Fret not thyself: The persuasive effect of anger expression and the role of perceived appropriateness
SourceMotivation and Emotion, 42, 1, (2018), pp. 103-117
Article / Letter to editor
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SW OZ BSI CW
Motivation and Emotion
SubjectCommunication and Media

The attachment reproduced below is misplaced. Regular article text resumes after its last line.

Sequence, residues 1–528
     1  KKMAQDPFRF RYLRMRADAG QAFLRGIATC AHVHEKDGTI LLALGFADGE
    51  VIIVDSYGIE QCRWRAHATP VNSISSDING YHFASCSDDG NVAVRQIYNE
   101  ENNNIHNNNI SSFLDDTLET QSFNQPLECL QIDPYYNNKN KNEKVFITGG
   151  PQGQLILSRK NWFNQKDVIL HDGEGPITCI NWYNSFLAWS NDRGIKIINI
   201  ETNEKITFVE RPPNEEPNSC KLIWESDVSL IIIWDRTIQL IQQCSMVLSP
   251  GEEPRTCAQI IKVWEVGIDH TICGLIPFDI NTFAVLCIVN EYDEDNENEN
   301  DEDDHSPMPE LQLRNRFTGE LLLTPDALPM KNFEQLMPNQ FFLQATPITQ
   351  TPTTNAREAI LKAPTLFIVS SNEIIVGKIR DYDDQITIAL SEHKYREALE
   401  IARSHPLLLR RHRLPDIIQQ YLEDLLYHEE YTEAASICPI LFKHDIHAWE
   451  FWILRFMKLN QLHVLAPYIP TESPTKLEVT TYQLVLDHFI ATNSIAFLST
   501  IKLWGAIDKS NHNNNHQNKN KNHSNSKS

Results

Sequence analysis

Anger expression is increasingly prevalent in Western mass media, particularly in messages that aim to persuade the audience of a certain point of view. There is a dearth of research, however, investigating whether expressing anger in mediated messages is indeed effective as a persuasive strategy. In the present research, the results of four experiments showed that expressing anger in a persuasive message was perceived as less socially appropriate than expressing non-emotional disagreement. There was also evidence that perceived appropriateness mediated a negative persuasive effect of anger expression (Study 2-4) and that anger expression resulted in perceptions of the persuasive source as unfriendly and incompetent (Studies 1 and 2). In all, the findings suggest that politicians and other public figures should be cautious in using anger as a persuasive instrument.
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